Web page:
Put simply, if you have a model that is tens or hundreds of GB in size, there are two options for its internal structure. On the one hand, you may have a model where each item stands on its own, with no relations to other items. Or if there are any relations to other items, they are well scoped to the a particular root. Call it the Root Aggregate model, with no references between aggregates. You can make something like that work, because you have a good isolation between the different items in memory, so you can access one of them without impacting another. If you need to modify it, you can lock it for the duration, etc.
However, if your model is interconnected, so you may traverse between one Root Aggregate to another, you are going to be faced with a much harder problem.
In particular, because there are no hard breaks between the items in memory, you cannot safely / easily mutate a single item without worrying about access from another item to it. You could make everything single threaded, but that is a waste of a lot of horsepower, obviously.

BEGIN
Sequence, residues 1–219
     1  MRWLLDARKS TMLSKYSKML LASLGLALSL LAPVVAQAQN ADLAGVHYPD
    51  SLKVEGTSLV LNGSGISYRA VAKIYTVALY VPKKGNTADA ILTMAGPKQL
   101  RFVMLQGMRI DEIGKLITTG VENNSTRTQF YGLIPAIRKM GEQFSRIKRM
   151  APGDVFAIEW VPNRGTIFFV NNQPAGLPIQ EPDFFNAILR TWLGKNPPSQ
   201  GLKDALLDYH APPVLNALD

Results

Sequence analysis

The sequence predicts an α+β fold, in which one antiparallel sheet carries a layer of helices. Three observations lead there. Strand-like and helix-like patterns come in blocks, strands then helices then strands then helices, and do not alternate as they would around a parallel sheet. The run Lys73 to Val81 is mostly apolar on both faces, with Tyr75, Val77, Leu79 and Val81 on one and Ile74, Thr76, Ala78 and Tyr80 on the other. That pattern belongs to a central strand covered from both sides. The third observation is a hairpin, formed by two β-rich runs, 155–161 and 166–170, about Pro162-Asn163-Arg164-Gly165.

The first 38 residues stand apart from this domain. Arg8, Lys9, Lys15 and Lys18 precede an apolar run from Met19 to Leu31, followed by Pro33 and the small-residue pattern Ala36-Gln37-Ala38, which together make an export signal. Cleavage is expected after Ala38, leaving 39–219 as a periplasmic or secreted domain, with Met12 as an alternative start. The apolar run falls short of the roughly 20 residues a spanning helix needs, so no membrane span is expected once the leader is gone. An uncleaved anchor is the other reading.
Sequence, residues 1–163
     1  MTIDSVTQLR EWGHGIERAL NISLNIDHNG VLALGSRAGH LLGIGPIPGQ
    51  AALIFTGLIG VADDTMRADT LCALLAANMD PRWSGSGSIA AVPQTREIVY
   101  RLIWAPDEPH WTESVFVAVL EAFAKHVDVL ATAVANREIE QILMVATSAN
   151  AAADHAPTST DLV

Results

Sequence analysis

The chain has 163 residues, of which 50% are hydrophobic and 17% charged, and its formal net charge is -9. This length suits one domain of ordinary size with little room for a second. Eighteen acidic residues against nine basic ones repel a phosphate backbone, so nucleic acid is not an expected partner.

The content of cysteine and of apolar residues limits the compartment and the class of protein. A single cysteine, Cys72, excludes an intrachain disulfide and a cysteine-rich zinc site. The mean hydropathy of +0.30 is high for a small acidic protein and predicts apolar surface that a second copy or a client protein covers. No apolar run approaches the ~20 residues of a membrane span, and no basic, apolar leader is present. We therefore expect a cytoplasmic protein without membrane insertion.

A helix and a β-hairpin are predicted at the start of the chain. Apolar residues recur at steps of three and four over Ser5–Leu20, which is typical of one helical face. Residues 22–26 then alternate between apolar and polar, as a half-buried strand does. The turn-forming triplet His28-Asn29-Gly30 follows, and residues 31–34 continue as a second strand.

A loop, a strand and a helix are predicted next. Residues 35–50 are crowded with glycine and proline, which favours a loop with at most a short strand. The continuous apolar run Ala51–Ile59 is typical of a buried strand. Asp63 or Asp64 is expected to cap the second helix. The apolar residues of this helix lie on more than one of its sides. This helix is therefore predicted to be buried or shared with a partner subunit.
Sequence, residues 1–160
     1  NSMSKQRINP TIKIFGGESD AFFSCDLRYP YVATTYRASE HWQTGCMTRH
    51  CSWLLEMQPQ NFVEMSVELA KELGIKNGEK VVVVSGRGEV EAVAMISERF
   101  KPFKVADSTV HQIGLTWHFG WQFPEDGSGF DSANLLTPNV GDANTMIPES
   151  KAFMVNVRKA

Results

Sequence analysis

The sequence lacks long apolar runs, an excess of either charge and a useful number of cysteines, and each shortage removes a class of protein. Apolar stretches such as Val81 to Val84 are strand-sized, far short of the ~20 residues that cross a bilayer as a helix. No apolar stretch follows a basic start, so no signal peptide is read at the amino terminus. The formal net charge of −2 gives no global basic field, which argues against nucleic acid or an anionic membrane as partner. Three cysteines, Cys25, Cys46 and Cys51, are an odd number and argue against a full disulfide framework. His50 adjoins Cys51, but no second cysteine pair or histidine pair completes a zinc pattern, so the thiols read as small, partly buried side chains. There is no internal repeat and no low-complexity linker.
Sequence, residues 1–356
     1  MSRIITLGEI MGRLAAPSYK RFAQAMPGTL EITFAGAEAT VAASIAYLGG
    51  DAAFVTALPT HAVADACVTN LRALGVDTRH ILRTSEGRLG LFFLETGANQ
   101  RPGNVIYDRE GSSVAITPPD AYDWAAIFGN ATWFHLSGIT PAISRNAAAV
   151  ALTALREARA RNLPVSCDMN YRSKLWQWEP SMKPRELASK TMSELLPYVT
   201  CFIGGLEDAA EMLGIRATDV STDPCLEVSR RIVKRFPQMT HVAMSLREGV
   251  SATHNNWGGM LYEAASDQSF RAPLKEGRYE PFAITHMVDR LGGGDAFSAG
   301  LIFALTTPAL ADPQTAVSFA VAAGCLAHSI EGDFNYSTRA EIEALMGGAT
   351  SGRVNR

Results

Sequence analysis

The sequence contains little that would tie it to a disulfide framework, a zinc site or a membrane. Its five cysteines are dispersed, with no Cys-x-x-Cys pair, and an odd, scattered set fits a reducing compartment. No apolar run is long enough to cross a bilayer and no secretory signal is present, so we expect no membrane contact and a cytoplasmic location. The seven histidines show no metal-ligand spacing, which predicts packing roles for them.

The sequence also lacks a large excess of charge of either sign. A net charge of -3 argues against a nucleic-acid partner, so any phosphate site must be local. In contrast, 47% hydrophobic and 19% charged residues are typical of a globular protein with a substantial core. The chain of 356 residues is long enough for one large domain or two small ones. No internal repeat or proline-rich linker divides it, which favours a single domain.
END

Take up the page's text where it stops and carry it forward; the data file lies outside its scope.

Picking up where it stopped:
Another problem with in memory models is that they don’t do such a good job of allowing you to rollback operations. If you run your code mutating objects and hit an exception, what is the current state of your data?
You can resolve that. For example, you can decide that you have only immutable data in memory and replace that atomically. That… works, but it requires a lot of discipline and make it complex to program against.
Off the top of my head, you are going to be facing problems around atomicity, consistency and isolation of operations. We aren’t worried about durability because this is purely in memory solution, but if we were to add that, we would have ACID, and that does ring a bell.